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As Janus already said, you can compensate for gravity and acceleration and still use SR for the velocity-based time-dilation.
Don't put words in my mouth.  I said that acceleration can be dealt with in SR,  How you do so depends on which frame you are working from.  It cannot deal with gravitational effects. For that you need GR (of which, SR is a subset)
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 Which is exactly what they do for GPS and everything else. But with a twist. They omit "relativity" from SR. They use just the absolute rotational speed. And rotational speed is absolute, think about it and you'll see why. So... GPS refutes relativity.
All this proves is that you don't grasp what "relativity" means in this situation.  As I already pointed out, if GPS relied on absolute velocity, then the satellite clocks rates would vary due to the various motions of the Earth, Sun etc.  Since different satellites orbit at different orientations, The absolute velocities of these satellites would differ depending on how their orbital velocity added up to these other velocity.   The only way to make the GPS satellites work with absolute motion, is to assume that the Earth is the absolute rest frame.   But in posts above, you claim that our relative motion with respect to the CMB is our absolute velocity, which means that You can't make that assumption in your GPS argument.   
You are being inconsistent in your arguments, changing the assumptions depending on what you are trying to argue.

Whether this is deliberate, or you just don't realize that you are contradicting yourself, I don't know. 

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In the Hafele-Keating experiment they also compensated for gravity and curvature, but it didn't help. The numbers were still off. "Einstein's Special Relativity" didn't work until they moved the observer from the military base on the surface, to the axis in center of the Earth. Then it worked. Because they eliminated relativity. From the center of the Earth the airplanes were moving at different absolute speeds (but not relative to the military base). Proving that absolute speed matters, not relative.
 

The experiment results were in agreement with what Relativity predicted for the three non-inertial frames involved.   Just because you can't see how this is consistent with "relativity" as you view it, doesn't mean that it is inconsistent with Relativity as it is understood in physics. 

In essence, all your arguments are based on an incomplete grasp of the theory. You are trying to claim that the bits you think you understand don't fit together. But this is because you don't have all the pieces of the puzzle that connect the bits you have, and thus complete the whole picture.
Title: Re: Has special relativity been refuted?
Post by: Bored chemist on 10/07/2018 17:57:00
But the apparent speed of the CMBR is the same no matter which way we look at it. Velocity differs from speed in that it includes a direction. It looks to me that your reasoning would indicate that we are moving away from the source of the CMBR at roughly 368 km/s, but because the source is all around us, that presents a paradox: in which direction are we moving 368 km/s?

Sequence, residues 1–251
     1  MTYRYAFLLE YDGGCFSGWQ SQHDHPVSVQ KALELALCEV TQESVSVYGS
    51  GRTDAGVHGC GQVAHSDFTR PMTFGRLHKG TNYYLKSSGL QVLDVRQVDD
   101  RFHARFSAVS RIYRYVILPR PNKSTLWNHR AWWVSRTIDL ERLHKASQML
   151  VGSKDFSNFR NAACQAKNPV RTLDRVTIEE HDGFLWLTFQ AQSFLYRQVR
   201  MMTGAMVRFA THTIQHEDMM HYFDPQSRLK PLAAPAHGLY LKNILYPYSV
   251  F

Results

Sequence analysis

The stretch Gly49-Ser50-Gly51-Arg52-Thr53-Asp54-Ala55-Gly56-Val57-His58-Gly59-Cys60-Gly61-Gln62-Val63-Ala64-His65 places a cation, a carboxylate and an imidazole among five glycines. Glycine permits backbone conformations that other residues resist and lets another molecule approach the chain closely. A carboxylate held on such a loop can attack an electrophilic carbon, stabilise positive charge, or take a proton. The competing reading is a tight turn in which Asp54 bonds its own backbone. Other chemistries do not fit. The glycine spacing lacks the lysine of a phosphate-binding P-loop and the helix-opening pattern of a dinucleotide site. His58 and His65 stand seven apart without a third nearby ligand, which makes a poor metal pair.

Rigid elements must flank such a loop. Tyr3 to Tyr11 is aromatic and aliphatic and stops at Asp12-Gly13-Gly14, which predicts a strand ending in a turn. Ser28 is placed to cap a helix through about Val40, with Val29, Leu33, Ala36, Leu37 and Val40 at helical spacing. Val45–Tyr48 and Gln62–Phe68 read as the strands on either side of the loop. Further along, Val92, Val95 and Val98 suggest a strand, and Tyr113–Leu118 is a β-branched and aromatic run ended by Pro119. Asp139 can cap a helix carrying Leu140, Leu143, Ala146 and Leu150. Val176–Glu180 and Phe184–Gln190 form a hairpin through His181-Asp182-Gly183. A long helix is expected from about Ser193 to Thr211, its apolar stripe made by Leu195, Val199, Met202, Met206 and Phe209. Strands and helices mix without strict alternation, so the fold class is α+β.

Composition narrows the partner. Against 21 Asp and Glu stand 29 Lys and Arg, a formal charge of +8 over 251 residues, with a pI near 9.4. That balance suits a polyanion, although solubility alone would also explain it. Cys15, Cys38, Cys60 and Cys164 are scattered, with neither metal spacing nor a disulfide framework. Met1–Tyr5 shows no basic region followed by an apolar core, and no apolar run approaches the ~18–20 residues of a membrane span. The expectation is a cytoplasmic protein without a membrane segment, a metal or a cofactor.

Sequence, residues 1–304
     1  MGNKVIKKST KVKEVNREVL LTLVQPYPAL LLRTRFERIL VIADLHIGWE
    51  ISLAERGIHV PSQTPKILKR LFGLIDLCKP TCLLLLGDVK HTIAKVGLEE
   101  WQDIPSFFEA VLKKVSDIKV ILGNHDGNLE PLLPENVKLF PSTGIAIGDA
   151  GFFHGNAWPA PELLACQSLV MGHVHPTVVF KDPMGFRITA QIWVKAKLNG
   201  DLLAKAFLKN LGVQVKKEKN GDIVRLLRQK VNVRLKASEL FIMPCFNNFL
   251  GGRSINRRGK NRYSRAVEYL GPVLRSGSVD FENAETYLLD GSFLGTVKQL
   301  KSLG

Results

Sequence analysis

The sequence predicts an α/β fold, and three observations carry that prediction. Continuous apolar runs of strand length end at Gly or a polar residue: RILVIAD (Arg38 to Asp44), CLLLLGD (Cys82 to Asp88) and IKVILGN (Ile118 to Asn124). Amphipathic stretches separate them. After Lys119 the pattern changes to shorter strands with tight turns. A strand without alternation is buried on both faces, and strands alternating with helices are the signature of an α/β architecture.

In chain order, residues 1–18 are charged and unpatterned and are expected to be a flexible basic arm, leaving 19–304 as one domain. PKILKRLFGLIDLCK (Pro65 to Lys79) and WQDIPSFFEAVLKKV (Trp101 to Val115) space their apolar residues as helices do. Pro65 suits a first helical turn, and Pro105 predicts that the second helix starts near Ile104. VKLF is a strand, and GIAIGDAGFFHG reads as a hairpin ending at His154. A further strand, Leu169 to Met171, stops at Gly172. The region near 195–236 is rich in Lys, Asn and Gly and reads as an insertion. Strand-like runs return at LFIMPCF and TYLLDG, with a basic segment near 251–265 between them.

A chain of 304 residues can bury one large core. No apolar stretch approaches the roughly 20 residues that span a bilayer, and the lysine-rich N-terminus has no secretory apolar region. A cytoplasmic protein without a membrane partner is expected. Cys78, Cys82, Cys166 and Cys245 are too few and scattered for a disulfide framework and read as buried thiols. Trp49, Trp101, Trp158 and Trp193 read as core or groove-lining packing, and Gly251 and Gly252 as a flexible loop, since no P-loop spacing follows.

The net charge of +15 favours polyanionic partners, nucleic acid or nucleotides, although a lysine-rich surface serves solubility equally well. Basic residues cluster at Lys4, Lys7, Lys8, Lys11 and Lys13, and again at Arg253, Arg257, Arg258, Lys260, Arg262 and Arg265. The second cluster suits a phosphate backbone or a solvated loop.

Not quite
https://en.wikipedia.org/wiki/Cosmic_microwave_background#CMBR_dipole_anisotropy
Title: Re: Has special relativity been refuted?
Post by: Bored chemist on 10/07/2018 17:58:50
We need to compare two one-way speeds of light.
You keep saying that.
Why do you think it's true?
How did M and M get the MM experiment so badly wrong, and how did nobody notice?
Title: Re: Has special relativity been refuted?
Post by: jeffreyH on 10/07/2018 19:02:35
If there was an absolute frame determined by photons then you would be able to tell that an inertial frame was moving. Show me your experiment to measure this movement well away from a gravitational field.
Title: Re: Has special relativity been refuted?
Post by: David Cooper on 10/07/2018 23:32:10
There are several experiments that refute special relativity...

Most of the experiments you refer to do no such thing, not least because both SR/GR and LET (Lorentz Ether Theory) make the exact same predictions about the outcomes of all of them and render most of the discussion in this thread misguided in the extreme. However, the Sagnac experiment does lead the way to a proof that there is an absolute frame, so that has settled the argument for those who respect mathematics. The remaining problem is how to get people to accept that the issue has been resolved when they are so determined to back the wrong horse.

With Sagnac and MGP (Michelson Gale Pearson) we have experiments where light must be passing material at speeds higher than c relative to that material, and as soon as we have material with that property, we have a cast iron guarantee that some frames of references are making incorrect assertions about the speed of light relative to some material. As we extend the logic of this, we can further show that there can only be one frame that doesn't make any incorrect assertions while all the others are misrepresentations of reality, although we still cannot identify which is the correct (absolute) frame. Those who continue to insist that none of the frames are misrepresentations of reality have parted company with mathematics and rely for their position on nothing more than the authority of what is essentially a clergy.
Title: Re: Has special relativity been refuted?
Post by: dressed.scientist on 11/07/2018 13:49:14